With Ghana becoming one of the first African countries to ease the Coronavirus lockdown restrictions on April 19, 2020, life and economic activities in most parts of the country, seems to have returned to normal despite the ban on social gatherings being in force.
One would assume, typically, that having been declared a hotspot zone in Accra, residents of this enclave would adjust their lifestyles and routines, to ensure they stay safe and curb further spread of the coronavirus.
Since the pandemic erupted, some parts of Accra and Kumasi have been identified as major hotspots with commuters and traders in these areas advised to adhere to all the safety protocols including the wearing of nose masks, social distancing and regular handwashing.
But life was rather different, when GhanaWeb visited the Madina-Zongo Junction area, a suburb of the La-Nkwantanang Madina Municipality.
Surprisingly, there was virtually next to zero adherence to any of the safety protocols advocated by the various health stakeholders.
Barely were people seen observing the social distancing directives and the ‘no-face-mask, no-outing’ rule was more often than not, being disregarded.
The La-Nkwantanang Madina Municipality which forms part of 16 districts in the Greater Accra Region boasts of a large market square where petty traders and businesses ply their trade along with commuters using the busy stretch.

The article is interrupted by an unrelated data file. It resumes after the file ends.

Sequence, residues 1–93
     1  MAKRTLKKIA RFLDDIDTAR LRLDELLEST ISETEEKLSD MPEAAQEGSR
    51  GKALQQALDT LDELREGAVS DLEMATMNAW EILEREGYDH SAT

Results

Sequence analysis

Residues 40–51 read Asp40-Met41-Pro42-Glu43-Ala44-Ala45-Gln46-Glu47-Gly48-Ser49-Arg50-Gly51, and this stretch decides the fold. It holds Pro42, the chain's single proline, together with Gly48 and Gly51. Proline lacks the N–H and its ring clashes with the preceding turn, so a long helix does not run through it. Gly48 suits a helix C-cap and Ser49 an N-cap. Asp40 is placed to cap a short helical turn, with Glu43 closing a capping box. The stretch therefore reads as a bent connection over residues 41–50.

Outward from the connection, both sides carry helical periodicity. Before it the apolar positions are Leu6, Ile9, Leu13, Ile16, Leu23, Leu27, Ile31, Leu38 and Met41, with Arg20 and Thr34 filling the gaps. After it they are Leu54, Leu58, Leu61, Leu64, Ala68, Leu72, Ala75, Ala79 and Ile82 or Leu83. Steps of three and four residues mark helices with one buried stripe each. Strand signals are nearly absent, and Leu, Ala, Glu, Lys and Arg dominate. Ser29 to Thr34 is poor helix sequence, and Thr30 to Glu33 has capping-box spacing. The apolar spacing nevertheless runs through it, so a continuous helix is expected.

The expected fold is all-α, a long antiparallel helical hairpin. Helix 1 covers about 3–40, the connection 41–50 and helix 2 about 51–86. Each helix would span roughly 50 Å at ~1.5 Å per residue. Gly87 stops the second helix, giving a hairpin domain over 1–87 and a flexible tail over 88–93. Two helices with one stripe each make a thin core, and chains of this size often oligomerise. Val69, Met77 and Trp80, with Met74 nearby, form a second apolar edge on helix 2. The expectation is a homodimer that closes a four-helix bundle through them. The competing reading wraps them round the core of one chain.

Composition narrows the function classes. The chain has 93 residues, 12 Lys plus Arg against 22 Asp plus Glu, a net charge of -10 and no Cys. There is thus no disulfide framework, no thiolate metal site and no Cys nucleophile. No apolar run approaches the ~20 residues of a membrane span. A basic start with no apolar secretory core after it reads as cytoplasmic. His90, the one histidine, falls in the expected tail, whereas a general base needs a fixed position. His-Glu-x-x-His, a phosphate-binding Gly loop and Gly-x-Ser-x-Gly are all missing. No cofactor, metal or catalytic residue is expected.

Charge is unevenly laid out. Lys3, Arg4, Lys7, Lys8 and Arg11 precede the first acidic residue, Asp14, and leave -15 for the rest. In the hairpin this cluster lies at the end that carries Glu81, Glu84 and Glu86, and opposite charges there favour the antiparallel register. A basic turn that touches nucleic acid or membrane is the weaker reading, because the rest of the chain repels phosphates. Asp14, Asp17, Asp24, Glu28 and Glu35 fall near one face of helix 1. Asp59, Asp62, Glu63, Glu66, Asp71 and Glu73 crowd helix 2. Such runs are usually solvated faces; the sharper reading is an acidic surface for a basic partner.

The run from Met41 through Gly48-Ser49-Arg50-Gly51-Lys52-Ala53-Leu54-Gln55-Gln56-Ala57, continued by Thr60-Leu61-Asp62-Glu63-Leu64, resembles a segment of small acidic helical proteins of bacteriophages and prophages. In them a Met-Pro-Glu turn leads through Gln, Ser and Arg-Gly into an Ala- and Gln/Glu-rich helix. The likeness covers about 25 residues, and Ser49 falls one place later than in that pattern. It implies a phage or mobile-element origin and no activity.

When GhanaWeb’s team first arrived in the area, public transport operators were the only ones seen ensuring the social distancing by reducing the number of persons each vehicle carried.
For the traders, they barely knew the area had been identified as a hotspot. Some even rather pessimistic ones still doubted the authenticity of numbers being churned out by the Ghana Health Service.
Some others, who were safeguarding themselves against the disease shared their experiences with the team.
A middle-aged man, who spoke to the team, recounted how his life changed since pandemic erupted.
“My life and movements have been restricted and as a matter of fact, I'm very careful because I don't know when and who I would contract the disease from so I'm very very careful. My economic activities have also been badly hit because my budget has now been thrown out of gear due to the pandemic”
He also told us he is very much aware the area was a hotspot for the spread of the virus adding, “mandatory testing is the surest way to go”, whilst urging government to “send frontline health workers to the area to commence testing” on residents.
Another resident, a petty trader told us “I have also heard that this coronavirus is very rampant here in this area [Madina] and that we need to really protect ourselves. So, for me, whenever I receive money from a customer, I quickly sanitize my hands and even the money as well before putting it in a rubber”
She was however concerned her business has been rather slower than expected and worried things may never go back to normal for her financially.
“Since we came back from the lockdown, things have really changed drastically, we can't even trade the way we used and to. Going to get goods to restock your shops is even more difficult” she stressed.